Question: Could you comment on the safety of step aerobics? Besides being somewhat boring, I wonder if it will keep orthopedic surgeons busy for years to come?
Answer: Step aerobics (bench aerobics or bench stepping) arrived on the fitness scene in the late 1980s and is now a basic program at most health and fitness centers.
Like any activity, if you do it wrong or too often, it can cause injuries that could require the services of an orthopedic surgeon, but the activity is generally safe and has a lot going for it.
It's mostly a low impact activity that doesn't place high impact stress on the joints.
Step aerobics is excellent for improving cardiovascular fitness _ right up there with running and jogging. The activity can also accommodate many fitness levels at the same time since the platforms are adjustable, and the mix of platforms, dance steps, arm movements and music is fun for many folks.
Does it cause undue injuries? There are no national injury reports that provide an answer to this question.
There is, however, one specific concern, that is, excessive muscle soreness. Translation: As you step down from the platform, the muscles of the leg doing the lowering must apply force to lower you gently, while at the same time they are lengthening to allow your knee to bend.
When muscles lengthen and also apply force, it's called Negative Muscle Action. When stepping up, you place your lead foot on the platform and then straighten the leg by contracting or shortening the thigh muscles. When muscles shorten and apply force, it's called Positive Muscle Action.
Negative Muscle Action places more stress on muscle tissue than the Positive Muscle Action. As a result, microscopic muscle damage increases (some muscle damage is associated with all strenuous exercise).
This leads to excessive soreness, swelling and loss of strength (particularly around the knee joint). Moreover, the damage tends to progress slowly, and it may not interfere with workouts until serious harm has been done.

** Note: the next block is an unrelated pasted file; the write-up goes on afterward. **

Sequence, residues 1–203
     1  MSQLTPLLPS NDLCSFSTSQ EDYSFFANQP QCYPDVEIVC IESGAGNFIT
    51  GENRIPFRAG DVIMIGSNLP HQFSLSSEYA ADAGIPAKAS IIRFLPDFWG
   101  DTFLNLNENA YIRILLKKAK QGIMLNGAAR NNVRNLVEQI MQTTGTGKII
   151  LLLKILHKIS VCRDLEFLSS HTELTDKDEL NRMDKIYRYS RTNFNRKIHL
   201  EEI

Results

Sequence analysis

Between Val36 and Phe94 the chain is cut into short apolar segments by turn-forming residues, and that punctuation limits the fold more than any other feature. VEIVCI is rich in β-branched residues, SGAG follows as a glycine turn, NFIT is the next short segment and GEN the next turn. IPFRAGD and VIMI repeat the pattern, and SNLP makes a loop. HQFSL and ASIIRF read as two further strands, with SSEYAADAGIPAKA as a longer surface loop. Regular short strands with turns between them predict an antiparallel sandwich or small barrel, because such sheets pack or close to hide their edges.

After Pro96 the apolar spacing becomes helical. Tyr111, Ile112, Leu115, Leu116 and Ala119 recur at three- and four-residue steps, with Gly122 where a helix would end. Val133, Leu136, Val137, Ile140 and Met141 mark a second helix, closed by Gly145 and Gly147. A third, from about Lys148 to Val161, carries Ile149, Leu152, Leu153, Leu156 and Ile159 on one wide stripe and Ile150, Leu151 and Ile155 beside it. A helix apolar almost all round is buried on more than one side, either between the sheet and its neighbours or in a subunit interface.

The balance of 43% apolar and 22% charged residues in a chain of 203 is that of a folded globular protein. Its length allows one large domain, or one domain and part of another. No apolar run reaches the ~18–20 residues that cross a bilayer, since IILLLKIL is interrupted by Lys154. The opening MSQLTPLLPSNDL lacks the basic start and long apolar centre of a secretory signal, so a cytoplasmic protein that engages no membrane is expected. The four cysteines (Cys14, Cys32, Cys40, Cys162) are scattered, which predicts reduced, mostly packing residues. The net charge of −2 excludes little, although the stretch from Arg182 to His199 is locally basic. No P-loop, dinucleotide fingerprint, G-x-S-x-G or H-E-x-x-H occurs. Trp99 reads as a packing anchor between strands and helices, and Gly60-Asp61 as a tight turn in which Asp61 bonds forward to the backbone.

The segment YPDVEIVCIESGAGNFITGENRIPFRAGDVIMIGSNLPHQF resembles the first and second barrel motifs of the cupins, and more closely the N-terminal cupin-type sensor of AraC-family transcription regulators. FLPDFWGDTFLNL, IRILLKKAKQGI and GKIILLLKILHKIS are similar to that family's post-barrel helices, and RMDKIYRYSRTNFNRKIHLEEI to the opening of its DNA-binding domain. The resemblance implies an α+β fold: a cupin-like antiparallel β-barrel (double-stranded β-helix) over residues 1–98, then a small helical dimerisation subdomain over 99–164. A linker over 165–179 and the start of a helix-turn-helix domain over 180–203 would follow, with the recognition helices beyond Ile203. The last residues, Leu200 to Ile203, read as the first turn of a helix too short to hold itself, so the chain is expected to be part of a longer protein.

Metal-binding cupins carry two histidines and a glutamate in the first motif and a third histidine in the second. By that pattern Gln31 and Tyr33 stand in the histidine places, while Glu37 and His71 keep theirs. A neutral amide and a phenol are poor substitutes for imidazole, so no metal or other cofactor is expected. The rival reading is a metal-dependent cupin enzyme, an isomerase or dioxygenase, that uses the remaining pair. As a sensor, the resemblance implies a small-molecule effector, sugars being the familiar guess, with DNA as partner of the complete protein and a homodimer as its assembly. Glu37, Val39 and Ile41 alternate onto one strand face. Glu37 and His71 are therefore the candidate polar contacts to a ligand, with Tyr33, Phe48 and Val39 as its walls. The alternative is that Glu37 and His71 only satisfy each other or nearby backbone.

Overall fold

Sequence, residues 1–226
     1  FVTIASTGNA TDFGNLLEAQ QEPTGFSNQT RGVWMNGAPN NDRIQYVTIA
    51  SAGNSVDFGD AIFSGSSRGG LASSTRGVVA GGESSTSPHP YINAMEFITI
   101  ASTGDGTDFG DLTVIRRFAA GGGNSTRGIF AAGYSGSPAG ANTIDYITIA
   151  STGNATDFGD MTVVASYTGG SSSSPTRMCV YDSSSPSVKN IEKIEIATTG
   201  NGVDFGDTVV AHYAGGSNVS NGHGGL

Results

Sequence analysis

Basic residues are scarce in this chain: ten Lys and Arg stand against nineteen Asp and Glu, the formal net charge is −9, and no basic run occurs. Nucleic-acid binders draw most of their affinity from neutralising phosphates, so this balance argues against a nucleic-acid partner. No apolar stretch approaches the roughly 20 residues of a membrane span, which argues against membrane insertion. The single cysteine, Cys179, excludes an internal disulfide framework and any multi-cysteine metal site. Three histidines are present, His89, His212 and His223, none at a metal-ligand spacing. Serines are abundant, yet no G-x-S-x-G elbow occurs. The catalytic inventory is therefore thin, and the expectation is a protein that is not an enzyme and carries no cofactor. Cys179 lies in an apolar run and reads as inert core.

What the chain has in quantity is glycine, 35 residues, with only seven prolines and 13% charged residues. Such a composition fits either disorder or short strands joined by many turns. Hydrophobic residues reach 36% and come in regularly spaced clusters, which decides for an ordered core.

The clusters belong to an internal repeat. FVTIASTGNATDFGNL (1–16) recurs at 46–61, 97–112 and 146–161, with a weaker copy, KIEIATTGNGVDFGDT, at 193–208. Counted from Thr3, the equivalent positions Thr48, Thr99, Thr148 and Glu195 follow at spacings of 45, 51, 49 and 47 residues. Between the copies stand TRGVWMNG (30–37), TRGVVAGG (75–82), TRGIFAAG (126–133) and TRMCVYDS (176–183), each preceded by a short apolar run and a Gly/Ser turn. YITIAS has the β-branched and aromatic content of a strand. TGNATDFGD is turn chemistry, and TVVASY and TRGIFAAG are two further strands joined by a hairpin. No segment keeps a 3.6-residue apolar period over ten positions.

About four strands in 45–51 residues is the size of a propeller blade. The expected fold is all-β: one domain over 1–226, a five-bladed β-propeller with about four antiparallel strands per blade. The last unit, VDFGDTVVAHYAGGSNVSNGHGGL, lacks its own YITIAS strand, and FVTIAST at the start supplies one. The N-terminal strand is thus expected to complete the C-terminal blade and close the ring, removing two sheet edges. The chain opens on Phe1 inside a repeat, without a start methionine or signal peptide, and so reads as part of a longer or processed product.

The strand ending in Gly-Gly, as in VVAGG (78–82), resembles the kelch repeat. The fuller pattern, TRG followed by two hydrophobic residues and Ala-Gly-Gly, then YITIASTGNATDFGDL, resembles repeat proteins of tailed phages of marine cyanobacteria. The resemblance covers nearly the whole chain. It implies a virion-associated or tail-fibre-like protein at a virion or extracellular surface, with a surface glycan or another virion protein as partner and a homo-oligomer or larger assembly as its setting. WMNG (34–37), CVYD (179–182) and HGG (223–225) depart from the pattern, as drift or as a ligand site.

To avoid this problem and other potential overuse injuries associated with step aerobics, the American College of Sports Medicine suggests the following precautions:
Select a platform height appropriate to your fitness level (4 inches for beginners and no more than 12 inches for trained steppers).
Master your footwork before adding the arm movements.
Contact the surface of the platform with the entire sole of your foot.
Step close to the platform.
Avoid locking your knee during the step up or step down.
Step softly onto the platform (and the floor) to control.
Alternate your lead step at least every minute or so.
Do no more than five repeaters per leg before switching to the other side.
Step up and down facing the platform (stepping down with your back to the platform can increase impact forces by 25 percent).
Keep your stepping cadence below 122 steps a minute.
Question: I read an article that said, "Women on calcium supplements experience a significant decline in high density lipoprotein levels." Is this so?
Answer: No. There is no apparent negative connection between HDL and calcium.
High density lipoprotein (HDL) is, of course, the "good" cholesterol that helps to clear "bad" LDL cholesterol from the body thereby decreasing our risk of heart disease. Calcium protects against the development of osteoporosis in women and age related bone loss in men. An intake of 1,000 to 1,500 milligrams per day, taken through diet or supplements, is recommended (the higher amount for all women past menopause who are not on estrogen). Calcium is also associated with decreases in hypertension and colon cancer.
Write with questions to Dr. Patrick J. Bird, dean of the College of Health and Human Performance, University of Florida, Gainesville, FL 32611.